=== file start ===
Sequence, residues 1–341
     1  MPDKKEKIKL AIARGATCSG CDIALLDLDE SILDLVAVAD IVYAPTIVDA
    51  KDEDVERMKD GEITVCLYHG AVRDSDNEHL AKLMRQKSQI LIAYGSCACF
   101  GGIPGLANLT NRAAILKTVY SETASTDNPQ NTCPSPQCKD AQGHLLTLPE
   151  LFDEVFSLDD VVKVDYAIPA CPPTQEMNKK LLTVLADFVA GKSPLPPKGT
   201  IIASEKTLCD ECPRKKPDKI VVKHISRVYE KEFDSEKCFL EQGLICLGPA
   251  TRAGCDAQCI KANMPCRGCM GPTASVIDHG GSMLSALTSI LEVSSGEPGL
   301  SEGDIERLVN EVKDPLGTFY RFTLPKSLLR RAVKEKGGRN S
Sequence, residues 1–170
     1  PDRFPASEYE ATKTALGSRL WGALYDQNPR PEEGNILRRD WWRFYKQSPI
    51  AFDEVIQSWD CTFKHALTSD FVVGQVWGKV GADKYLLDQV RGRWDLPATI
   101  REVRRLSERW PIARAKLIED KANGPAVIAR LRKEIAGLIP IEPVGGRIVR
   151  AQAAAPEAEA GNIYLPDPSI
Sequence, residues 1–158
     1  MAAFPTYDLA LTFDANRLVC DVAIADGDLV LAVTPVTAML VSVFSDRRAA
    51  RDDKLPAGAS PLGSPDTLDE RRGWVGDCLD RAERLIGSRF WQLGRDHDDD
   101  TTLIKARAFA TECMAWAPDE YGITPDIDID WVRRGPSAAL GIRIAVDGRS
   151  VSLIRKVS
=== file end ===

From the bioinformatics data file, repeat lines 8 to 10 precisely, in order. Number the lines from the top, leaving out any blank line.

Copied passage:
   301  SEGDIERLVN EVKDPLGTFY RFTLPKSLLR RAVKEKGGRN S
Sequence, residues 1–170
     1  PDRFPASEYE ATKTALGSRL WGALYDQNPR PEEGNILRRD WWRFYKQSPI